By Dan Flynn on August 18, 2019
Usually, my way of dealing with summer heat is to not move around much during the day. This summer, I’ve broken from my routine by actually traveling to areas of the country where TV weatherman report on something called the “heat index.”
The “heat index” does not come up much in Colorado. Oh, it gets hot during the day, but it cools off at night. And, everyone will tell you: “It’s a dry heat.”
But, the “heat index” revolves around humidity and we don’t get much of that. That’s mostly a good thing, except when high winds, low humidity, and heat combine to increase fire danger.
But I have ventured out this summer to such “heat index” centers as Texas, Arkansas, Kansas, and Missouri. In these states, the “heat index” is a better measure than just relying on the temperature because it tells how hot it feels when relative humidity considered in the mix.
As an example, if the air temperature is 96°F and the relative humidity is 65%, the heat index (how hot it feels) is 121°F.
Classification Heat Index
Caution 80°F – 90°F
Extreme Caution 90°F – 103°F
Danger 103°F – 124°F
Extreme Danger 125°F or higher
So, as I found myself moving around the ground in places experiencing danger and extreme danger, it did get me thinking. There must be some food safety implications to such intense heat. It does not even cool off much at night.
When I returned to altitude (i.e., Colorado), I was pondering these thoughts about the heat index and food safety. And then I came across an email from Ed Noe, VP for Purchasing & Marketing with Lawrence, MA-based Colony Foods.
Noe was copying Bill Marler, Coral Beach and I on a letter he wrote to the leadership of the International Foodservice Distributors Association (IFDA).
Noe wants IFDA Board members to join “the crusade” to educate consumers and fix language in the federal Food Safety Modernization Act.
The FSMA groups as retail “cash and carry outlets” for the restaurant industry. “I would suggest when someone thinks of retail, there is a vision of a person shopping and transporting perishables to their residences,” Noe writes.
“They have full knowledge of how the food has been handled and assume the personal risk or the risk for their family and friends if pathogens have been allowed to grow because of temperature abuse,” he adds.
Noe calls out restaurants that accept delivery of perishables transported in car trunks and unrefrigerated vans.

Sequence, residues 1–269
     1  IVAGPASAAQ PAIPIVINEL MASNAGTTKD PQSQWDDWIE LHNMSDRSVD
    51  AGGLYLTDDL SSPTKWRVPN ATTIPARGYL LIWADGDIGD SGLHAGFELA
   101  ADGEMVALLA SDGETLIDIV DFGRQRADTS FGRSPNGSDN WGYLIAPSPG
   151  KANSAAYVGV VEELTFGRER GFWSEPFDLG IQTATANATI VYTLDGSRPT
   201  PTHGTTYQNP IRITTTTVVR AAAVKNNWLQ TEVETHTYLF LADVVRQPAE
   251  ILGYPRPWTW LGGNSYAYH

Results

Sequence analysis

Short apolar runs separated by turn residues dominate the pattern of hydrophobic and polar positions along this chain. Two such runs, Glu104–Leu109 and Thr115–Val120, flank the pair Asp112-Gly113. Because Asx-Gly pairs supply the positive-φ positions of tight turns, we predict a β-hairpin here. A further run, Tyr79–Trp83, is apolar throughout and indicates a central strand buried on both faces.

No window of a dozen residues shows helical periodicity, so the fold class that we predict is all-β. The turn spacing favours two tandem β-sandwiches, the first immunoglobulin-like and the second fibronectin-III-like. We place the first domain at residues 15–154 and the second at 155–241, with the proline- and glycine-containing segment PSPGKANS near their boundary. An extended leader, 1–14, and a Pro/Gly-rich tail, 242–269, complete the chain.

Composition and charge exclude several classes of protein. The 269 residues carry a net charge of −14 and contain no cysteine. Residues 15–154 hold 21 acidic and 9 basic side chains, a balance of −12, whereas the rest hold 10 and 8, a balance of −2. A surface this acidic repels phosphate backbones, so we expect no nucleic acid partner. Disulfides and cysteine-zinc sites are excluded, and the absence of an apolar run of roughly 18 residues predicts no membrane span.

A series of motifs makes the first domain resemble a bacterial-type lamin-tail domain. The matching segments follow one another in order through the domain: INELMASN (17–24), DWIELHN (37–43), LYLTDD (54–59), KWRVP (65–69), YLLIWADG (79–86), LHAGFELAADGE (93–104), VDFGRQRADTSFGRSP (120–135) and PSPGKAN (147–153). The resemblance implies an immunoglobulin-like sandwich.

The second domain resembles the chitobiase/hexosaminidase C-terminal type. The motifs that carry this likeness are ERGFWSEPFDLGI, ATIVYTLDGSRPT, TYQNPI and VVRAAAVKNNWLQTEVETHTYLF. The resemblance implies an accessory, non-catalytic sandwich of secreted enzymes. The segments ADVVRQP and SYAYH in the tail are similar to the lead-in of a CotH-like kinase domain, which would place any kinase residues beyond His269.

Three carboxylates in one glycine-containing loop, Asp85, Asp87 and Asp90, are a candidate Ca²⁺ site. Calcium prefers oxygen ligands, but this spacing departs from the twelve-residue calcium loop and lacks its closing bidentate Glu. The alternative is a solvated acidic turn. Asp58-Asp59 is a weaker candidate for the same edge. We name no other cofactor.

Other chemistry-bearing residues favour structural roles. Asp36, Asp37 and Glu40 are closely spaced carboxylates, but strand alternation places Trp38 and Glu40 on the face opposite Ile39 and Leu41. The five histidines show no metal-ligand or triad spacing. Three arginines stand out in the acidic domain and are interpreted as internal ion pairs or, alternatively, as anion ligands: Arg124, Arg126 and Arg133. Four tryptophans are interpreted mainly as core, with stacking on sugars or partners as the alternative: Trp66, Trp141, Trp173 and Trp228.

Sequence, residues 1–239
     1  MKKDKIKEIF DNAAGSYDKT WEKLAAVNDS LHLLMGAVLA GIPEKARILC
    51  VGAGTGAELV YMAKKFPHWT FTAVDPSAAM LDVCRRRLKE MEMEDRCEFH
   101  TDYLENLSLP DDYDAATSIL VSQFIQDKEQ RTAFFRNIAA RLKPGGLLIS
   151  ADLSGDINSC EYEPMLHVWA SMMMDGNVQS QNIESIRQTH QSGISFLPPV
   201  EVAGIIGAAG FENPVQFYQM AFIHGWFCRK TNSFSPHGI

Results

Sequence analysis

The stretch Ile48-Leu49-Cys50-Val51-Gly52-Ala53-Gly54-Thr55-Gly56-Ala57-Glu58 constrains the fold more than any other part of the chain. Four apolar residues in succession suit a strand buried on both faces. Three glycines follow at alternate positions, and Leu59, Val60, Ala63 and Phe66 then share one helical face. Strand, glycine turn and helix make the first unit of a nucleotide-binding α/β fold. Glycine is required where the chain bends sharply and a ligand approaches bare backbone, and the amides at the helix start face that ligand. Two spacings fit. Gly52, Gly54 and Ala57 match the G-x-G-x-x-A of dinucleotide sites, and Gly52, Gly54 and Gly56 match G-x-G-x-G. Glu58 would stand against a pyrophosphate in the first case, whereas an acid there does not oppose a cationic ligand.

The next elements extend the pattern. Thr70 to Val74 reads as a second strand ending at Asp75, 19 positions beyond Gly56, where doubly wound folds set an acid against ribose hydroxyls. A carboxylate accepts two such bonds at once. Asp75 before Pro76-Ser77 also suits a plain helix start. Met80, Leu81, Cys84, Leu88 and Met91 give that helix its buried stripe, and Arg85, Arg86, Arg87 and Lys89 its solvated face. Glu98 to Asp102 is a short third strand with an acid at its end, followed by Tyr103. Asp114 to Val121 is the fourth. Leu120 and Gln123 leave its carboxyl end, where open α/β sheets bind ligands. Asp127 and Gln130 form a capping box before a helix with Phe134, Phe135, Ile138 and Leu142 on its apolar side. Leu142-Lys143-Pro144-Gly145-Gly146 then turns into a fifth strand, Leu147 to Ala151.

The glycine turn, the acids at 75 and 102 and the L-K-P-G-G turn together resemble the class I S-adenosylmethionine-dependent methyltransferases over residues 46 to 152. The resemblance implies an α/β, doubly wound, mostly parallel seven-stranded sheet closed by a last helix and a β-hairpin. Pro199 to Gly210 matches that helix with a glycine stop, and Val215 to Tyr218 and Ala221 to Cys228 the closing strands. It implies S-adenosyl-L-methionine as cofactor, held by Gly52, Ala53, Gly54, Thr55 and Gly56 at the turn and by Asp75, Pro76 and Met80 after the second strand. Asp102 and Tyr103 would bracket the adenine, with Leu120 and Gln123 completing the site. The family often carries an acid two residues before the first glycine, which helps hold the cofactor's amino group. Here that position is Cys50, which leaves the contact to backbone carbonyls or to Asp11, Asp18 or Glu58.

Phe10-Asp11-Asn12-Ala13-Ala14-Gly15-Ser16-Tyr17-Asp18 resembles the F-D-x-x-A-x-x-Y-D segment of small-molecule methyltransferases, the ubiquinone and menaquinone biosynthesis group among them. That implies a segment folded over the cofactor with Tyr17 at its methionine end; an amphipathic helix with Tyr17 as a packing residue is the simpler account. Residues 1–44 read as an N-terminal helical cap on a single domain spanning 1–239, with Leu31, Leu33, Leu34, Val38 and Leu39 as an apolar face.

“Would you subject yourself, family or friends, to eating in a restaurant you knew transported fresh proteins on a 90-degree day in the trunk of a car?” asks Noe.
Noe is a “picture says a thousand words” kind of guy. He provided the links below to the Fox 25 Boston Investigative Reports that tell the story.
With the danger and extreme danger warnings from those heat index reports, while I was traveling fresh in my mind, I asked Noe just how common are these shoddy practices. Noe says it’s not really tracked. But there are commercial establishments that have opted to become their own distributor. He says they are not maintaining protocols for proper temperatures during transportation of perishables. They are “breaking the cold chain” and “placing unsuspected consumers at risk.”
IFDA is the principal trade association for the $280 billion foodservice distribution industry. It’s 350,000 employees delivered 8.7 billion cases of food last year, about one-third of those are truck drivers whose rigs keep careful track of time and temperature.
If local restaurant inspections started asking questions about how fresh meat and other perishables are getting to the outlet, it might help.
One thing is for certain. All the inspections are for naught if the fresh product was held in a heated truck or van prior to delivery at the restaurant. This is a local problem. However, Noe is correct. It is an issue that needs a national advocate. FDA is damn good at calling attention to national problems. This is one Frank Yiannas needs to start talking up.
Article via Food Safety News